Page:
Published: April 8, 2020 By

(revised July 16, 2020)

Jennifer Ho is professor of ethnic studies and director of the Center for Humanities & the Arts at the University of Colorado Boulder, and president of the Association for Asian American Studies.

This outline of anti-Asian racism is adapted from a slide deck that was developed to help educate people about anti-Asian racism that has emerged in the wake of the COVID-19 global pandemic. I have focused on racism in the US, but anti-Asian racism is a global phenomenon. Feel free to share widely and to add your own slides. Click here to download the slide deck in pdf form.

Racism Defined

Anti-Asian Racism: A very brief history

  Yellow Peril

  • Anti-Chinese sentiment became part of the Yellow Peril language
  • Yellow Peril refers to a general fear, mistrust, and hatred of, first, Chinese in the U.S., and then these negative sentiments were transferred to other Asian-ethnic immigrant groups: Japanese, Korean and Indian
  • Yellow Peril sentiment fueled many anti-Asian U.S. initiatives, such as the 1882 Chinese Exclusion Act, the Gentleman’s Agreement, and the Cable Act
  • The most important thing to note is that Yellow Peril sentiment reduces Asians to always being foreign, never considered American

  Asians becoming Americans

  Vincent Chin & 9/11 backlash

  Why saying “Chinese Virus” is racist

  Incidents of Anti-Asian harassment/racism

    AAAS Statement about anti-Asian harassment and COVID-19 

    released early March 2020

    The Centers for Disease Control recently announced that the Novel Coronavirus/COVID-19 may spread in the United States. As people take precautions to manage their health (the two biggest precautions are frequent handwashing and staying home if you are sick), the Association for Asian American Studies (AAAS) wants to also acknowledge the rise of anti-Asian (especially anti-Chinese) harassment that many Asian Americans (particularly those who look East Asian) are experiencing. As an organization dedicated to the study of Asian Americans, we want to be very clear that xenophobia has no place in our communities or workplaces and that harassment of Asians due to fears of the coronavirus are not only unwarranted but sadly part of a longer history of stereotypes associating Asians, especially Chinese, with disease. We stand firm in rejecting anti-Asian bigotry in the guise of people expressing fear of Novel Coronavirus/COVID-19. We also urge people to find resources that will educate them about how to manage their health as well as why their prejudices/biases in assuming all Asians have the virus are rooted in a history of Yellow Peril rhetoric, xenophobia, ableism, and anti-Asian racism. Please encourage your colleagues and friends to explore this open-source syllabus that addresses anti-Asian bias associated with the coronavirus. And please remember: frequent handwashing, not anti-Asian stereotypes/harassment, is your best means of preventing the spread of coronavirus.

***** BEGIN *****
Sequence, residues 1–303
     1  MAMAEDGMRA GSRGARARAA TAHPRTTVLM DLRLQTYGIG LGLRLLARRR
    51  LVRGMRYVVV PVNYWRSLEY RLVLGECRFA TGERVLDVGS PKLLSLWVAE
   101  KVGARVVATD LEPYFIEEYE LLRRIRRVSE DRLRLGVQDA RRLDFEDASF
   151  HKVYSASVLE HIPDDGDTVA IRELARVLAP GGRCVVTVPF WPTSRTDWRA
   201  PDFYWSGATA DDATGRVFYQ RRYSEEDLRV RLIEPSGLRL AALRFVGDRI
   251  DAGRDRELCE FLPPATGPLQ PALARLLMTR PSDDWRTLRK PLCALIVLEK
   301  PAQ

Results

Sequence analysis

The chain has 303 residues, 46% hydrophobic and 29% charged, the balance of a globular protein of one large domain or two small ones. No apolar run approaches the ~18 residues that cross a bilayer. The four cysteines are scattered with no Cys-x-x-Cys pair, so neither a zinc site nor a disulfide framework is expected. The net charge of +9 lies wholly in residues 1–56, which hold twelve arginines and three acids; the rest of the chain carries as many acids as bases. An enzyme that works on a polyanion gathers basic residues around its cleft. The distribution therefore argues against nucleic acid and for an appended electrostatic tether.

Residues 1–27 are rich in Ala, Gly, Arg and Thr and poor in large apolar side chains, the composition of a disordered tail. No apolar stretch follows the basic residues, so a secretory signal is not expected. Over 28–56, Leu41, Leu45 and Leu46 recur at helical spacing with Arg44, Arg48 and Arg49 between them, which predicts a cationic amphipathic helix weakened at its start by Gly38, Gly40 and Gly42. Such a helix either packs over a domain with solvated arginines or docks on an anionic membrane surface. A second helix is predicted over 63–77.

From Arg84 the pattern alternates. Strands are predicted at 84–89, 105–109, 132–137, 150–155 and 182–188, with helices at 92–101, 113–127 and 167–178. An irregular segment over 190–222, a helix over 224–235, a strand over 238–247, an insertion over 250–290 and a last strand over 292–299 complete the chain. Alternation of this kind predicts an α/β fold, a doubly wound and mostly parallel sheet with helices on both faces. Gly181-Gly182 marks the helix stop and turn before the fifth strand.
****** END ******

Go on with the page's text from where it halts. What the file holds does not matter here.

Anti-Black Racism & Black Lives Matter

    Anti-Black/Anti-Asian Racism & White Supremacy

    • The current rise of anti-Asian racism feels new, but is not new -- the ferocity/violence is a resurgence of anti-Asian racism that emerges when the US is under “threat” (ex: WWII, Cold War, Viet Nam, 9/11)
    • Anti-Asian racism is is not the same as anti-Black racism; however, what both forms of racism share are 
    • They are both subject to and are in service of White supremacy 
    • They are both systemic – it’s not about individual people being racist – it’s about the systems and institutions in the US that create conditions where Asians are seen as foreign and Black people are not granted basic humanity and rights.
    • If you are learning about anti-Asian racism for the first time, and especially if you identify as Asian American, then you must recognize the ways in which being against anti-Asian racism means you must also fight anti-Black racism

    AAAS Solidarity Statement

    June 2020

    The Association for Asian American Studies (AAAS) unites in solidarity with our Black family, friends, neighbors, colleagues, and co-workers to call for an immediate end to anti-Black racism and the killing of Black people. We are an organization committed to social justice, intersectional analysis, and global human rights. Our fight against anti-Asian pandemic racism is rooted in a common struggle against White supremacy. The recent murders of AhmaudArbery, Breonna Taylor, Tony McDade, and George Floyd propel us to state, clearly and definitively, that Black lives matter and that we must abolish the militarized police state in which anti-Black racism is embedded. To end global anti-Black racism, we must fight racism in our local communities and educate ourselves and others about the rich history of Black Americans and support, validate, and value Black lives now and always.

    The Association for Asian American Studies Board of Directors

     How to be an anti-racist ally

    Further reading